Wisbech charity to host modern day slavery and migration conference
Modern day slavery in Fenland and the impact of migration on the district will be the focus of a conference in London tomorrow (Wednesday, November 6).
Wisbech charity, the Rosmini Centre, will give a unique insight into both issues when it hosts the event at Friends Meeting House in Euston.
Over the last year, the Rosmini Centre has worked in partnership with Fenland District Council and two teams of academics to research modern day slavery in the area and the impact of large scale migration on community cohesion, services and the local economy.
The findings of the two research projects will be shared at the conference, which has drawn interest from across the country, with over 100 delegates expected to attend.
The two projects were funded following a bid from Fenland District Council to the government’s Controlling Migration Fund (CMF), which aims to support areas facing pressures linked to recent migration and promote integration and community cohesion.
Anita Grodkiewicz, Rosmini Centre manager, said: “Modern Day Slavery is a hidden crime and is happening in Fenland. It is likely that you unknowingly come across victims of exploitation regularly. They can be in your workplace, the place you get your car washed or where you get your nails done. They may be building a wall in your garden or tarmacking your drive.
She added: “Migration has had a very visible impact in towns like Wisbech.
"Attention has been focused on the negative issues which have arisen and largely ignored some of the ways in which Fenland has benefited from migrants in the area. Improvements in the way services are planned to take account of the changes to the population would be of benefit to everyone living here. The report which has been produced identifies some of the work which is needed to help statutory authorities respond to the changes.”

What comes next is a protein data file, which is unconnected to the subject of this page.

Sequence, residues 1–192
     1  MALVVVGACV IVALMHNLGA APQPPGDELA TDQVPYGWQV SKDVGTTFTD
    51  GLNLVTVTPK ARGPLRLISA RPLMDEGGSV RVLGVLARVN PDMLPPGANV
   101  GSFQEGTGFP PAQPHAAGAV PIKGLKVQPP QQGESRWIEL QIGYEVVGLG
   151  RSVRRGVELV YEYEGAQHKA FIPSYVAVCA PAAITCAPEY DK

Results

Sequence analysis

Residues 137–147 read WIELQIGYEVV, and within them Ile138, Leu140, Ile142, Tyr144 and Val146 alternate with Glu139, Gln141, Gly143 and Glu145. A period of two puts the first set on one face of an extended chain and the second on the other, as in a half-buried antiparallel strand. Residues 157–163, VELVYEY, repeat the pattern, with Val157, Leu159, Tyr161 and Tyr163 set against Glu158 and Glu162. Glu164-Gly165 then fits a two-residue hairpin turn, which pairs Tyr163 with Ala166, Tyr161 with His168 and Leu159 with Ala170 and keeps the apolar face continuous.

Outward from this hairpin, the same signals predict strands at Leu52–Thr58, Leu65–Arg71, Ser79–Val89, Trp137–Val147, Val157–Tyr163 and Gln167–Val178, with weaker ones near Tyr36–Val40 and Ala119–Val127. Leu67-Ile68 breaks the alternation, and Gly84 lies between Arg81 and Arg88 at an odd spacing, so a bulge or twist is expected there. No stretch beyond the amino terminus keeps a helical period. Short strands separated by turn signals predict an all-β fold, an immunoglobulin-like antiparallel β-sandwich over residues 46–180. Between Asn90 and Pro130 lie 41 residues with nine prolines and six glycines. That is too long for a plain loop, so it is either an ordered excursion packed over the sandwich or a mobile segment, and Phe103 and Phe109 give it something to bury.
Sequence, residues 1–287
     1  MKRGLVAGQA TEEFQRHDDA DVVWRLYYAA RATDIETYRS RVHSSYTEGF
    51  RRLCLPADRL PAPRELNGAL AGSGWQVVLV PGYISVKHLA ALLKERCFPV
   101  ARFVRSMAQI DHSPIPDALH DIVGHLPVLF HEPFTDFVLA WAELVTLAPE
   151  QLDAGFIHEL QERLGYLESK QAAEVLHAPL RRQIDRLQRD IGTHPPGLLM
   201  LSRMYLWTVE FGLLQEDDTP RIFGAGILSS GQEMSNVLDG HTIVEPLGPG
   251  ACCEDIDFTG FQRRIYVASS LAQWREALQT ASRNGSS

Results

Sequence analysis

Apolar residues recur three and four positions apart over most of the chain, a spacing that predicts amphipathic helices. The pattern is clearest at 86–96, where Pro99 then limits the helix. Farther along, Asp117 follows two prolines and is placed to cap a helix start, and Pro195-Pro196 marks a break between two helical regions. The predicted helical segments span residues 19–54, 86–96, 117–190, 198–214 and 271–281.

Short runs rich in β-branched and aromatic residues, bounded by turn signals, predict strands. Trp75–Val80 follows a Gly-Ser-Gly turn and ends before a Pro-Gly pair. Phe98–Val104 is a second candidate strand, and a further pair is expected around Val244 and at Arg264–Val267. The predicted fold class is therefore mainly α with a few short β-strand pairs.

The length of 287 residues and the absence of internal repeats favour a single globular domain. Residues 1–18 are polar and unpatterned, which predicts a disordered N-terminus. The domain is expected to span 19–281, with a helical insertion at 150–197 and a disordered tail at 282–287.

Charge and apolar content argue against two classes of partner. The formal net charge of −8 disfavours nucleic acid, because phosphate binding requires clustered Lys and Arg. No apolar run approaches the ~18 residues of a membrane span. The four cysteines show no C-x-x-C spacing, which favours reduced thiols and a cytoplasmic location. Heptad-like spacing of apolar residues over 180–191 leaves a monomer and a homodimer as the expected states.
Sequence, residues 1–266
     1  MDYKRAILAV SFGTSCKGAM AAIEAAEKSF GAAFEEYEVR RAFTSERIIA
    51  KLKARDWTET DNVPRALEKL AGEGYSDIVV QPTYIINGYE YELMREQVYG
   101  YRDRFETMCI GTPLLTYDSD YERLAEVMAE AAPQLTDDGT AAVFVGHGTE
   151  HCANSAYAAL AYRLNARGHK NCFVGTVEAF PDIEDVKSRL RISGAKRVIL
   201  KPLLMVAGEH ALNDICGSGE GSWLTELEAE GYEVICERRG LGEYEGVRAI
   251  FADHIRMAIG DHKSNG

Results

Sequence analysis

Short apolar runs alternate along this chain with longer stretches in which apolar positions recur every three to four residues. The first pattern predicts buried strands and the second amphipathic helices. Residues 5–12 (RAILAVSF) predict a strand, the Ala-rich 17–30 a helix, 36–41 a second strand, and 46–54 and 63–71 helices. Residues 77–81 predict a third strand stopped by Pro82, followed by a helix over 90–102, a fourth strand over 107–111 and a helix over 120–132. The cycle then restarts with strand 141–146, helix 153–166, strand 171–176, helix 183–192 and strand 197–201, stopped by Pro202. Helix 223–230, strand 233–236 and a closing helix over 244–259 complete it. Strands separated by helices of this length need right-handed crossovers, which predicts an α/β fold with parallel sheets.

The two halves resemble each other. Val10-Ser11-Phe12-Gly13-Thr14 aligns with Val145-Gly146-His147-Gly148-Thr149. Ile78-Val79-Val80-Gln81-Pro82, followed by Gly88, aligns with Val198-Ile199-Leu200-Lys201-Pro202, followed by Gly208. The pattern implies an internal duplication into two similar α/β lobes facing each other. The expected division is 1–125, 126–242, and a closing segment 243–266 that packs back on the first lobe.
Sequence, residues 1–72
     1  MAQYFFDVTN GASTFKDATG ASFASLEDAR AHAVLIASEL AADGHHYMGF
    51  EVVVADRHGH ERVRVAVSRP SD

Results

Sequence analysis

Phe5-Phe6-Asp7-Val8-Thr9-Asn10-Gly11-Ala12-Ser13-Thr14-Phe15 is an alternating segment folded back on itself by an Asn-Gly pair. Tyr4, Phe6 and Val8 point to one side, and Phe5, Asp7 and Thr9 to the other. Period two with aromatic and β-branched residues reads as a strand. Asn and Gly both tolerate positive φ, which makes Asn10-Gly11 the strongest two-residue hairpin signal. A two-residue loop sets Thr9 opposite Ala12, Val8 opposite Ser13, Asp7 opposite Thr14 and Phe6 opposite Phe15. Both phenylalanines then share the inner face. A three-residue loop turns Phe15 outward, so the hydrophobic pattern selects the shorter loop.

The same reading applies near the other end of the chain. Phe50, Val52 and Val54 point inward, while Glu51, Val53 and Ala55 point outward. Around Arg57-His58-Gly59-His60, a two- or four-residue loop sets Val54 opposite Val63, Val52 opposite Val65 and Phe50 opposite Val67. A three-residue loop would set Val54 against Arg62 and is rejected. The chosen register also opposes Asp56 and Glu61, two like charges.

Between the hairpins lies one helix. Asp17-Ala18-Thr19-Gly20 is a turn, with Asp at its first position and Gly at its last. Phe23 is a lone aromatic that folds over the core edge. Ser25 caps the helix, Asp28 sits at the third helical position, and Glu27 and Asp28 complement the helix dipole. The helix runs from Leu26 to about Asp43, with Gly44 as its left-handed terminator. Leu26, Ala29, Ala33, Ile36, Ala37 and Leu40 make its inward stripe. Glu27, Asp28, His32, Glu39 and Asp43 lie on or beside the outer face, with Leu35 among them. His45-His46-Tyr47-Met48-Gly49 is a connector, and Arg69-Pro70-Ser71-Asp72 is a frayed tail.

The conference will be supported by range of speakers including North East Cambridgeshire MP and Brexit Secretary, Steve Barclay; the UK’s Independent Anti Slavery Commissioner, Dame Sara Thornton; the head of prevention at the Gangmasters and Labour Abuse Authority (GLAA), Paul Elms; and Caroline Virgo, project officer at The Clewer Initiative, the Church of England’s anti- slavery campaign.
Dr Margaret Greenfields of New University, Buckinghamshire, and Professor Gary Craig, a leading authority on Modern Day Slavery, who led each of the two academic research teams, will also be among the speakers, along with Anita Grodkiewicz and David Bailey, traveller and diversity manager at Fenland District Council.
Two documentaries produced by the Gypsy Media Company will also be released at the conference.
Councillor Chris Seaton, Fenland’s Cabinet member responsible for community cohesion, said: “By sharing the research and knowledge which has been gained through these Controlling Migration Fund projects, we can ensure statutory and community groups on the frontline are best equipped to take action against human trafficking criminals, protect those who may be at risk and keep our communities safe.
“The conference is also a great opportunity to showcase our great working relationships with our partner organisations and promote Fenland as a district that is forward thinking in its approach to supporting migrant and indigenous communities.”
More by this authorSarah Cliss